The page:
Skin Walker takes about as long to get to the action as I imagine the filmmakers took to find an appropriate title for this dramatic thriller starring Udo Kier, which seemingly has no relevance to the mythical Navajo witches who use black magic to disguise themselves as animals also commonly known as “skin walkers.”
Things begin when a frenzied man, Robert (Jefferson Hall), barges into the home of Regine (Amber Anderson) claiming to be the father of her brother who she thought was dead but is, in fact, alive and being kept from her due to some terrible family secret. What follows is a placid drive through the countryside as Regine returns to her family home to attend the funeral of her grandmother followed by an intense scene of her brother’s birth and subsequent theft by said grandmother.
These pulses of activity and placidity are used throughout the film, leading to frequent bouts of tonal whiplash which feel intentional and are not wholly ineffective but lose their effect as this pace becomes predictable. Skin Walker is by most standards a well-made film with a lush yet somber aesthetic, an intensely neurotic performance by Amber Anderson, and a pervasive friction between all of the players in a dark family drama that is always asking questions and giving half-answers. And yet, I found myself struggling to care. Like being thrust into the middle of an argument between two people that you don’t know very well, Skin Walker is so concerned with establishing its conflict that it only occasionally stops to give us a chance to get to know the combatants. It’s not that it never finds humanity, just by the time things gets there it’s already used up all of the dramatic potential these intense moments of conflict might have had if they had come after we had gotten a chance to care about the characters they concern.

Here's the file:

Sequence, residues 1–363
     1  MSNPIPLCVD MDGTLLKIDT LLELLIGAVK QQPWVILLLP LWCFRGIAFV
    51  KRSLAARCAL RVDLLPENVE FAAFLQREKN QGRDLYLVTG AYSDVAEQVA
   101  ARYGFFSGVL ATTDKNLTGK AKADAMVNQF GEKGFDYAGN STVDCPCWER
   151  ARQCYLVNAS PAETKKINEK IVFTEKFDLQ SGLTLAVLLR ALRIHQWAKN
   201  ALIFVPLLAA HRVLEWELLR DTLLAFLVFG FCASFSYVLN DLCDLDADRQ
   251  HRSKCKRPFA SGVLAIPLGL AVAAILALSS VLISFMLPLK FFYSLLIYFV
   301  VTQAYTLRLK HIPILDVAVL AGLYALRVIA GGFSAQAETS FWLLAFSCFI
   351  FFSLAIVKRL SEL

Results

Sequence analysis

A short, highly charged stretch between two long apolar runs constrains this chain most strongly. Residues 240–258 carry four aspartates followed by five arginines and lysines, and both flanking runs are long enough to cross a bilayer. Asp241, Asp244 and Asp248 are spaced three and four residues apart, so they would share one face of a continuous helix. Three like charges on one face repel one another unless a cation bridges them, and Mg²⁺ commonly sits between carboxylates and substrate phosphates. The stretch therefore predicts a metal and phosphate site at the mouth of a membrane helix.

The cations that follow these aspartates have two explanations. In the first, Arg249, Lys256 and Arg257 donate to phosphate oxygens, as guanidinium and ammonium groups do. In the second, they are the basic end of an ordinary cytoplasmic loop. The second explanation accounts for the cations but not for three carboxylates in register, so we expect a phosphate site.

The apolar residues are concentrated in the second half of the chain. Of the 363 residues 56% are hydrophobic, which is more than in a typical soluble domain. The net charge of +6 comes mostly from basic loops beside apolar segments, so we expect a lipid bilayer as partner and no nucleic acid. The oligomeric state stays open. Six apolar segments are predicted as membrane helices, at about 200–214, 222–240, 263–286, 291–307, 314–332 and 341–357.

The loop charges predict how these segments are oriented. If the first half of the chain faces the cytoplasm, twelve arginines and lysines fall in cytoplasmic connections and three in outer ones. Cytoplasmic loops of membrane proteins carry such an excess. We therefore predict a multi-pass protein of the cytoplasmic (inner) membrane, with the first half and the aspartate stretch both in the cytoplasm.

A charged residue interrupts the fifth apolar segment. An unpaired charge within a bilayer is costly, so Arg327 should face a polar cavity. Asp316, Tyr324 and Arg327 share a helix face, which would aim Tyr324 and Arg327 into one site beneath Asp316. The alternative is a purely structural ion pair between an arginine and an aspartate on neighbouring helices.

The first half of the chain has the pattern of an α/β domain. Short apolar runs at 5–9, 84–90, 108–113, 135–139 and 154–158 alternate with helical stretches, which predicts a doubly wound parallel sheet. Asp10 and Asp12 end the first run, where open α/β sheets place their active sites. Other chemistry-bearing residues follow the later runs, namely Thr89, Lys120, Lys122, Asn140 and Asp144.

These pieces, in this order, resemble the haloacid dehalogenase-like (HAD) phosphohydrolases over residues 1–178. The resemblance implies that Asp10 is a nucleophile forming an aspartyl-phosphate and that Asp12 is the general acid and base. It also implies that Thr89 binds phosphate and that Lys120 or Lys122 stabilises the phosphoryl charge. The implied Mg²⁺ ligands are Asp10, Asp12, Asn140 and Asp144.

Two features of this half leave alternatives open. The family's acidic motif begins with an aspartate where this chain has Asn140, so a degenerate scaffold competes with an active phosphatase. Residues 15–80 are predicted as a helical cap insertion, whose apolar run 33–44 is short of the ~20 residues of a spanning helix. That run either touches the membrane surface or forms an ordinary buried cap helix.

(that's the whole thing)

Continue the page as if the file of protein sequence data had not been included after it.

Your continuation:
While the experience as a whole didn’t come together for me, I did enjoy Regine’s dynamic with Robert and Claus (Udo Kier). Robert clearly cares more about Regine and her mother but the mountain of lies her life has been built upon causes her to lash out against him. Meanwhile, she tries everything she can to connect with Claus but he’s an impenetrable wall of disinterest who refuses to acknowledge all the questions she has and makes no secret of the fact that he wants her gone as soon as the funeral is over. Kier’s penchant for awkward, emotionally-distant characters acts as a frustrating counterpoint to Anderson’s earnest passion and desire to understand her past which keeps the plot going.
Skin Walker has some wonderful scenes and characters but the pacing and how we’re introduced to the narrative can be frustrating. The need to grab the viewer’s attention in a world where something else is a click away is a very real one and Skin Walker got my attention but in its single-minded focus on not going more than five minutes without some major conflict, we lose a lot of what would have made that conflict work.
6 out of 10